By Bobb Rousseau | Diaspora Matters
Does Haiti have social programs that facilitate the reintegration of kidnapped victims into their community? Do employers and spiritual leaders provide emotional support to the members of their organizations? At this point, we all agree that it is easy for victims to catch themselves reliving the same traumatic event as if it has been happening to them all over again.
Haiti lacks social programs to help victims reunite with their loved ones and reintegrate into society after their kidnappers release them. They carry the burden of developing and applying their coping mechanisms to deal with the after-effects of kidnapping. Sadly, the government does not have an accurate number of kidnapped individuals, nor are the police included in the negotiations or coordination to release the victims.
The media works closely with the family to inform the public and the police throughout all the phases. While in their predators’ hands, it is impossible to know going through their heads, although we, as a society, fight for their release. However, have we ever wondered how they deal with the emotional pain, the psychological disconnect, and the traumatic discomfort they endured. Relatives and close friends are the only support they have. However, they are not qualified to encourage them to talk and understand post-traumatic stress or the panic disorders these victims may be facing.
The place of their kidnapping may become to them a memorable landmark associated with fear and uneasy feelings. They may experience flashbacks, nightmares, and severe anxiety, as well as uncontrollable thoughts about the event. The sound of gunshots, hearing a car backfire, or being approached by strangers in a vehicle may be the trigger that takes them back to the torture place to make them relive the traumatic event as if it is repeatedly happening.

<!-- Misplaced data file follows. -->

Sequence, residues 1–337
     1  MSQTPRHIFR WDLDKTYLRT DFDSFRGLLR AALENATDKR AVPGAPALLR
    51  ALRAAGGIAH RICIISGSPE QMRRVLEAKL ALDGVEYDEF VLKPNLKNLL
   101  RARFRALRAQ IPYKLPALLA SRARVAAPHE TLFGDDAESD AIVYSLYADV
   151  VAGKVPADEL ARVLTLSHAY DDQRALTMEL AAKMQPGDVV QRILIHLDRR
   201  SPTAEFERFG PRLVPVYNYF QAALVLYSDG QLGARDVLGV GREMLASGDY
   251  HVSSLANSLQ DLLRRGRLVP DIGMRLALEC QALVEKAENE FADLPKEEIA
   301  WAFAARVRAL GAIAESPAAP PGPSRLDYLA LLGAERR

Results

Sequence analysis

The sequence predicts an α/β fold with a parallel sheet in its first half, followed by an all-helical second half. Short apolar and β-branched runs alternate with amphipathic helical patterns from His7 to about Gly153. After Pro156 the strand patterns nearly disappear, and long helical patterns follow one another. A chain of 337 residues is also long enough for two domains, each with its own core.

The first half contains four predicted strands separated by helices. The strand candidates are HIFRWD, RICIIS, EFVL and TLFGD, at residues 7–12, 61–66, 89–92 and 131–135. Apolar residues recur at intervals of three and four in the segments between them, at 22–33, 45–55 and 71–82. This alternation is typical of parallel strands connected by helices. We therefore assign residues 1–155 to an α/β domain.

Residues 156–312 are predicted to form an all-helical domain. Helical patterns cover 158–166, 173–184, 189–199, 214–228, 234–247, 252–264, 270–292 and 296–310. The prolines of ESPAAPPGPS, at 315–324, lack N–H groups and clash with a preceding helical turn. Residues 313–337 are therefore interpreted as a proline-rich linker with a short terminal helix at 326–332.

There is no specific time for disturbing thoughts and feelings about a traumatic event to appear. However, unruly behaviors related to terrifying events may lead to intrusive memories, avoidance, negative thinking and mood changes, and changes in physical and emotional reactions.
Thus, these programs are needed to help the victims get their lives back under control. Otherwise, they will feel permanently victimized and lost in a community that offers them a new reality. Since the country lacks programs to identify psychological symptoms and provide the support these victims need to reintegrate into their community, civil society members should launch support groups to encourage them to reach out to someone or a close friend.
At a minimum, a medical or psychosomatic hotline number line must be available to them if they face difficulties or tend to re-enact the event. Victims of kidnapping tend to develop suicidal thoughts and feel withdrawn, and for such a reason, they must not stay alone too long. Any doubt that they are not adjusting well must be reported to professionals who can provide the necessary support.